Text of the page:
University and college officials are telling the Legislature they must either increase higher education funding or make cuts to the Hazlewood Act veterans education program.
Wednesday, January 30, 2013
Yesterday, Governor Rick Perry gave his 7th State of the State address outlining his priorities for the state of Texas. Left out of the list of Republican priorities that Perry outlined in his
45-minute address are the legislative priorities being pressed by
Democrats in the Texas Senate and House.
Progress Texas recently published a brief on the major issues concerning Texans and the 83rd Texas Legislature - clicking on the links take you straight to that issue:
- Budget and Taxes: Investing in Our Future
- Expanding Medicaid: 231,000 Jobs by 2016
- The Battle to Save Public Schools
- Family Planning Cuts Run Deep
- Water for a Rainy Day
- LGBT and the Fight for Equality
- The Voting Rights Act Still Matters
One House Democrat said the governor painted an unrealistic picture of the state. "Not sure what parallel universe Gov. Perry is living in, but it's not the same one as the people in my district," said Rep. Naomi Gonzalez, D-El Paso. "We need to restore money to education and health care."
Two years ago, Perry declared there would be "no sacred cows" immune to deep budget cuts as the state struggled with a $27 billion budget deficit amid an economy still feeling the effects of The Great Recession. Lawmakers responded by passing deep cuts across-the-board, including slashing $5.4 billion from public schools and billions more from state Health and Human Services programs. (Gov. Rick Perry's State of the State Speech - 2011)
Thursday, January 24, 2013
Politico: National Democrats are taking steps to create a large-scale independent group aimed at turning traditionally conservative Texas into a prime electoral battleground, crafting a new initiative to identify and mobilize progressive voters in the rapidly-changing state, strategists familiar with the plans told POLITICO.
The organization, dubbed “Battleground Texas,” plans to engage the state’s rapidly growing Latino population, as well as African-American voters and other Democratic-leaning constituencies that have been underrepresented at the ballot box in recent cycles. Two sources said the contemplated budget would run into the tens of millions of dollars over several years - a project Democrats hope has enough heft to help turn what has long been an electoral pipe dream into reality.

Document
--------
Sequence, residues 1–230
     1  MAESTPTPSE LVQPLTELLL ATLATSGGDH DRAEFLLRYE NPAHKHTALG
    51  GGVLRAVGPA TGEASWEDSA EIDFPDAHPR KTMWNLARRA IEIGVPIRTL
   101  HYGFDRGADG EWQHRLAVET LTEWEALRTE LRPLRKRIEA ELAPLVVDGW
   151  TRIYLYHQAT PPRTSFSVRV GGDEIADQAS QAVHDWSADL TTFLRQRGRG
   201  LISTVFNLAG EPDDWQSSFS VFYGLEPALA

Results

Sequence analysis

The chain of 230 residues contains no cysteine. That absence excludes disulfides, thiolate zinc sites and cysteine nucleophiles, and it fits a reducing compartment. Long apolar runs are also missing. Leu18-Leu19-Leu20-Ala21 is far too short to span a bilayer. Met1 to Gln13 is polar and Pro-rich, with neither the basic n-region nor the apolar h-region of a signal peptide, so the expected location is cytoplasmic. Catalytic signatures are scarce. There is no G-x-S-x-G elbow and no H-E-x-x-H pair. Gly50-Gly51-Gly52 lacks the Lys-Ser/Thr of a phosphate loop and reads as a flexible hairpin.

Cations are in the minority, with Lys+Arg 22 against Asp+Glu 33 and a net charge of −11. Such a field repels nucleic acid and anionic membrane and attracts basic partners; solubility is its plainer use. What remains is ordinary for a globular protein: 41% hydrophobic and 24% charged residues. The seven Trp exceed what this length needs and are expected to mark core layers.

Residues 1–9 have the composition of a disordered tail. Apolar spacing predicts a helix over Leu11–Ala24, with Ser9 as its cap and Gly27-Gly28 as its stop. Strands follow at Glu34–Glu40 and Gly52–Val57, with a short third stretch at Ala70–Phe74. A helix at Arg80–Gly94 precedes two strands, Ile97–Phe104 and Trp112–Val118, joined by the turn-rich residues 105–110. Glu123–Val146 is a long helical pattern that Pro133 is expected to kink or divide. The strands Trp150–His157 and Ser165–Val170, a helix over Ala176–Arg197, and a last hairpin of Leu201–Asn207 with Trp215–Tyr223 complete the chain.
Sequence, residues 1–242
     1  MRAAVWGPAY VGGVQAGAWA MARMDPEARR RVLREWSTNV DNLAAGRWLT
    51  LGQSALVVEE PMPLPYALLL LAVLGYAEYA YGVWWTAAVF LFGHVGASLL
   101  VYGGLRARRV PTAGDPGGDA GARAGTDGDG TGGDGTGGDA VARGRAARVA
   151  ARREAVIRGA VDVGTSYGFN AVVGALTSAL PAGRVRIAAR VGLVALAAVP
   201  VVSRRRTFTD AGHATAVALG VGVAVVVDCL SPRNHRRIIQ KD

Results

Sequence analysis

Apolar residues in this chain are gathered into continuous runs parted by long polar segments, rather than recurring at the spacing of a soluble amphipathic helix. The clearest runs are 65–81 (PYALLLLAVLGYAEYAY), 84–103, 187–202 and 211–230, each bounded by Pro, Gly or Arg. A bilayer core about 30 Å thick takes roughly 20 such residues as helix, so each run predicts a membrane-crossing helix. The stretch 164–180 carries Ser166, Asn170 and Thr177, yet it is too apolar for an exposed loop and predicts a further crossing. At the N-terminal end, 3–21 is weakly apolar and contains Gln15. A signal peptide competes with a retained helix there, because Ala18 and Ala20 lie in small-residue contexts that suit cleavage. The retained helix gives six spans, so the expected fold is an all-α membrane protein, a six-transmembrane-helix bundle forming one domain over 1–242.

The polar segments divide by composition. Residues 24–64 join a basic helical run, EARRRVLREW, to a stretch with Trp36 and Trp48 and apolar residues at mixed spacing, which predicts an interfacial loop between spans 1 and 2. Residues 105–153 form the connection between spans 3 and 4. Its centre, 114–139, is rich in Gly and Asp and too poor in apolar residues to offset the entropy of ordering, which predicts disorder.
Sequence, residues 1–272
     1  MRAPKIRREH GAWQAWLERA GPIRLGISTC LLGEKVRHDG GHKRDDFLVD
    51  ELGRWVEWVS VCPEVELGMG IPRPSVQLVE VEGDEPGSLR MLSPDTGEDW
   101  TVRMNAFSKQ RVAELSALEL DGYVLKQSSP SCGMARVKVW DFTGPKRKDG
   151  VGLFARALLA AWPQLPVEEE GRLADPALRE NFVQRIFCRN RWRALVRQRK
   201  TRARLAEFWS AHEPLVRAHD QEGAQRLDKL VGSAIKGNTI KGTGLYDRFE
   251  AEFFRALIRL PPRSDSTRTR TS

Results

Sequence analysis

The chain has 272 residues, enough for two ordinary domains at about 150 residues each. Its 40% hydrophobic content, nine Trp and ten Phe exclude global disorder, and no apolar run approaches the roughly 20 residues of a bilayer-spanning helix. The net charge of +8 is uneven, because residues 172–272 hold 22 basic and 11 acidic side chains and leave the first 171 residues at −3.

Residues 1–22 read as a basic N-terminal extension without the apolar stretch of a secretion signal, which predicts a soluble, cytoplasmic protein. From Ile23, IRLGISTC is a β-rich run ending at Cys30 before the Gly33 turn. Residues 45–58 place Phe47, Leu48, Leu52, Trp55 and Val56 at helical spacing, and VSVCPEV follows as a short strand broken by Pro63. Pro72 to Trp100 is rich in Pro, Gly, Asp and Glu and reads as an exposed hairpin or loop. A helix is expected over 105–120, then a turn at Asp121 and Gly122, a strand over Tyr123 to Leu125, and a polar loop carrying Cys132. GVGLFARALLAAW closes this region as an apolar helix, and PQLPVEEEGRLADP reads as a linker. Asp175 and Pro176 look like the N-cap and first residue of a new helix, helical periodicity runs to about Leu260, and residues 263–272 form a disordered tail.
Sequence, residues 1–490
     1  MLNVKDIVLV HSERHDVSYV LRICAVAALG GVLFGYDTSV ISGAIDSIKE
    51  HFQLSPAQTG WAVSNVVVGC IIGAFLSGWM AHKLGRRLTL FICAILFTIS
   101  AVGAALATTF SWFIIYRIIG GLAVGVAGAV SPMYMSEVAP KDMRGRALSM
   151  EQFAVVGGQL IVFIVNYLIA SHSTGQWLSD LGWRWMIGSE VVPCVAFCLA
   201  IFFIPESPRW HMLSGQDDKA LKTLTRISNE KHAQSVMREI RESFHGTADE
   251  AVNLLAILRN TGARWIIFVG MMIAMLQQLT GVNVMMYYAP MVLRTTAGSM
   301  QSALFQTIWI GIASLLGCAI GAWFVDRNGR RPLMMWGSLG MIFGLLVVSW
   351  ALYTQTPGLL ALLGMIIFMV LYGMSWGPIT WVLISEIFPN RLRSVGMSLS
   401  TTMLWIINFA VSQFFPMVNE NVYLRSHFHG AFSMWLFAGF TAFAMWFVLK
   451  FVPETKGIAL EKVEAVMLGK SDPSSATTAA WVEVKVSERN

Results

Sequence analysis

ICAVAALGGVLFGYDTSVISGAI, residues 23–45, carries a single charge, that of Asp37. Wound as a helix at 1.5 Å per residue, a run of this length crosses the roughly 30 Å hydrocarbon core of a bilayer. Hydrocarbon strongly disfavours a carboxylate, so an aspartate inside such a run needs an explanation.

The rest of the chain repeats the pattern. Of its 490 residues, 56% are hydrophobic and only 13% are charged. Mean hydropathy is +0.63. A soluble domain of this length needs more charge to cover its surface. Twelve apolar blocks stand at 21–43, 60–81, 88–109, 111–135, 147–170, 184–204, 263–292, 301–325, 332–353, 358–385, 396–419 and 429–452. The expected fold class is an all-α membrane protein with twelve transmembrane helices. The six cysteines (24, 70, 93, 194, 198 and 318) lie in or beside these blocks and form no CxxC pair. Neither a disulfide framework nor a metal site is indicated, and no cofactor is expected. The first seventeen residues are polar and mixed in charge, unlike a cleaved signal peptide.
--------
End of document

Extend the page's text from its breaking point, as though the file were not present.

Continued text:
At the center of the effort is Jeremy Bird, formerly the national field director for President Barack Obama’s reelection campaign, who was in Austin last week to confer with local Democrats about the project.
In a statement to POLITICO, Bird said the group would be “a grass-roots organization that will make Texas a battleground state by treating it like one.”
“With its diversity and size, Texas should always be a battleground state where local elections are vigorously contested and anyone who wants to be our commander in chief has to compete and show they reflect Texas values.
Yet for far too long, the state’s political leaders, both in Austin and in Washington, D.C., have failed to stand for Texans,” said Bird, who recently founded a consulting firm, 270 Strategies. “Over the next several years, Battleground Texas will focus on expanding the electorate by registering more voters — and as importantly, by mobilizing Texans who are already registered voters but who have not been engaged in the democratic process.”
Read the full story @ Politico